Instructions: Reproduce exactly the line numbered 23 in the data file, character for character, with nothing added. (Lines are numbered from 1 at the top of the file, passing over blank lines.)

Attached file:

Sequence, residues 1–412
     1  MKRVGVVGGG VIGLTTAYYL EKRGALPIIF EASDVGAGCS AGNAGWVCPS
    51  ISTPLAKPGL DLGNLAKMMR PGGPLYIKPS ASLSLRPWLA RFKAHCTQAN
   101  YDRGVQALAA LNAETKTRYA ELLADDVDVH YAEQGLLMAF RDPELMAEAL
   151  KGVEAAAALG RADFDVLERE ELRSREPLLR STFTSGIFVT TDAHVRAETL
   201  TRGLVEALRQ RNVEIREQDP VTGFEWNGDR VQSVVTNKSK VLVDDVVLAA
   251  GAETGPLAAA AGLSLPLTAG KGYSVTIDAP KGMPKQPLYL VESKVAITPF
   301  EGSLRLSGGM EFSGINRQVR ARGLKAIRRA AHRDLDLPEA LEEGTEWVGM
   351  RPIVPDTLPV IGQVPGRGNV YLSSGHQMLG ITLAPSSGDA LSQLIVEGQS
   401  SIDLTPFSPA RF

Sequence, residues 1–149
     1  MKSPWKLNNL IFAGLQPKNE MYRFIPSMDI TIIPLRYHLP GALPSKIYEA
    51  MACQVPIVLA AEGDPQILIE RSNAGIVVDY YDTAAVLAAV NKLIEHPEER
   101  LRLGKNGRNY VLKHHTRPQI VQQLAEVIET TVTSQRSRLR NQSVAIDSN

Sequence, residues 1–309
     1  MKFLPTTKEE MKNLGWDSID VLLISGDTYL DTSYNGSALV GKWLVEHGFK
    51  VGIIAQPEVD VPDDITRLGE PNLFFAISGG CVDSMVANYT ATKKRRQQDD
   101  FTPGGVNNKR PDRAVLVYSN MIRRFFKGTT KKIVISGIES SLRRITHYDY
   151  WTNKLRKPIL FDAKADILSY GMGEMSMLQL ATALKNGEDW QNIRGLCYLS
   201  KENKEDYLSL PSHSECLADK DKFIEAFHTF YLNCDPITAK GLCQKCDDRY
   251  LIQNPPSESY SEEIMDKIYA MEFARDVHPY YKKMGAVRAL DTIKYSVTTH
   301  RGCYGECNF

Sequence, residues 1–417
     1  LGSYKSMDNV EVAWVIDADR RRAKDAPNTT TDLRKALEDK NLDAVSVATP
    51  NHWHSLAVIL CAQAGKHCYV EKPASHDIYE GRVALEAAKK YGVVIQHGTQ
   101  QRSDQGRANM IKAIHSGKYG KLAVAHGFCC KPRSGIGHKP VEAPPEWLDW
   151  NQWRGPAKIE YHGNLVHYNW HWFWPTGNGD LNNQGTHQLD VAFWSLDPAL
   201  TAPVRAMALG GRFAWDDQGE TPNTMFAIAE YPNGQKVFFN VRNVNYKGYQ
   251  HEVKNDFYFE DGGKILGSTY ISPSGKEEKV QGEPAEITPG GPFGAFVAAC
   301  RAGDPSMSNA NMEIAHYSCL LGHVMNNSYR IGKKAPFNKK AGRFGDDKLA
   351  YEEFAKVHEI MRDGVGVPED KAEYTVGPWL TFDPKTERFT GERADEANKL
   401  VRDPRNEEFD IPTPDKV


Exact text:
Sequence, residues 1–417